At winter solstice time, we are reminded that the great Father figure, like all of us, began life as a baby. We celebrate Christmas on Dec. 25, just a few days into winter, though historians assert it is highly unlikely that Jesus was actually born on this day. Instead, this religious observance coincides with earlier pagan solstice festivities which also celebrated the archetype of the sacred child. Winter solstice begins the six-month period of waxing, or increasing, light in the annual cycle, so, in a sense, it serves as a solar "new moon". During the winter, the earth holds new seeds for future growth below its hard, cold surface. Though we cannot see evidence of these seeds, their slow process of germination and development is beginning. It will start to blossom by early spring, reaching its full culmination by summertime. This matches the Capricorn method of patient, strategic action, which starts out invisible and then emerges with a carefully erected world of enduring strength. Through the images of the baby Jesus and other sacred children, we get in touch with our own infinite potential to do and become anything, to transcend our current circumstances. If we choose, we can emulate these holy archetypes and strive to lead godlike lives, embodying challenging sacrifices to become our own saviors.

With the colder weather, darker skies and hidden initiations of new growth, this time of year is perfect for some hibernation, turning our focus inward and retreating a bit from social obligations. Sure, we may still have Christmas dinners and New Year's Eve parties to attend, but in between and in the weeks following, it's okay to take it slow and adapt to the seasonal atmosphere. As I wrote last week, the reflexive mood favors checking in on our progress and making adjustments as necessary. And if we look at the winter solstice chart as an indication of the season ahead, those same aspects I discussed last week—Saturn trine Uranus, and Jupiter trine Pluto—will continue to represent the general climate of the next few months. Continue to reflect on how these are affecting your lives, and figure out whether you are taking sufficient advantage of their positive flowing energies. Also, be aware that Mercury turns retrograde for three weeks starting Jan. 2, extending its stay in Capricorn through Feb. 12. This emphasizes the need for quiet, restrained planning and revising during the next month or so. Fix your eye on the long-term prize, and systematically figure out how you're going to get there from here. You know better than to expect easy-going, but there's something strangely appealing about the effort and the deferred gratification ahead, necessary to succeed. And after all that immediate gratification of presents and big holiday meals and champagne-induced New Year's tidings, won't it be about time to buckle down and return to normal life?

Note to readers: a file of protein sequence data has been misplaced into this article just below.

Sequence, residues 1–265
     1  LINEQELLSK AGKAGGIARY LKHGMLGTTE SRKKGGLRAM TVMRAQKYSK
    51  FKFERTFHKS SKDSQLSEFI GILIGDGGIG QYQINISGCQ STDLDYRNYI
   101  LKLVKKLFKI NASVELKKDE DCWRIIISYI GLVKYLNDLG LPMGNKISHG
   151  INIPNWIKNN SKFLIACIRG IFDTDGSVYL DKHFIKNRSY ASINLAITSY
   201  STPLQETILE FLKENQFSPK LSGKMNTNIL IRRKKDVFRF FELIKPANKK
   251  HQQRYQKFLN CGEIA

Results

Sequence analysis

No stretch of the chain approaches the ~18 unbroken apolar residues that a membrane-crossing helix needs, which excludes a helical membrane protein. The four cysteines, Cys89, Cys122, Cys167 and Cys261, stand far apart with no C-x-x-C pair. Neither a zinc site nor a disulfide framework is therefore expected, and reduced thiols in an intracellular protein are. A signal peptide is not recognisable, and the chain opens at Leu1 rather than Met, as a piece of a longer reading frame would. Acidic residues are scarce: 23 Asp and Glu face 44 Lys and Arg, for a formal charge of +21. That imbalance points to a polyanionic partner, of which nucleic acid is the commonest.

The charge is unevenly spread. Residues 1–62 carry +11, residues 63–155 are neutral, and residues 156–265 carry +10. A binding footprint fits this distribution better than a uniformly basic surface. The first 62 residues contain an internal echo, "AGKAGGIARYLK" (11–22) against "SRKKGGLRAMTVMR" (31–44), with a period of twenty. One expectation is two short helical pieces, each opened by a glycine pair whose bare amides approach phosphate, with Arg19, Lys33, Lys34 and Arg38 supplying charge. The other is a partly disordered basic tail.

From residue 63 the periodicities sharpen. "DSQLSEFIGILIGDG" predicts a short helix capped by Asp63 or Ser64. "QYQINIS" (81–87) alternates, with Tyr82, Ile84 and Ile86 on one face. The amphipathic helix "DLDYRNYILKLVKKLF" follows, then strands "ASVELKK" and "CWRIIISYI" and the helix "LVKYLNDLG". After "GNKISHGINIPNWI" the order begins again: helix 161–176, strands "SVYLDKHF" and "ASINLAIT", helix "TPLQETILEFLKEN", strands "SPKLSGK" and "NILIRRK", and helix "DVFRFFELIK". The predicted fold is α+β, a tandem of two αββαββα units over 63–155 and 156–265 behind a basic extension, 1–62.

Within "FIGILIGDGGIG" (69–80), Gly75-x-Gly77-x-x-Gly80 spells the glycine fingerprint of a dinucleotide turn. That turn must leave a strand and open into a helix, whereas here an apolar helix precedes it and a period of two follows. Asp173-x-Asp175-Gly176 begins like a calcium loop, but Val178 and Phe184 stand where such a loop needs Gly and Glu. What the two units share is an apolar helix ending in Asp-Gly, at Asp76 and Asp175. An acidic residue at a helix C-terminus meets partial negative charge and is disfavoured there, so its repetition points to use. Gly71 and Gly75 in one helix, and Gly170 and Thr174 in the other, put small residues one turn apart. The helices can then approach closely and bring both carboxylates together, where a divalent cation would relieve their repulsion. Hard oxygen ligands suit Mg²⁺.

Have a happy holiday season, and I'll catch up with you again in 2003!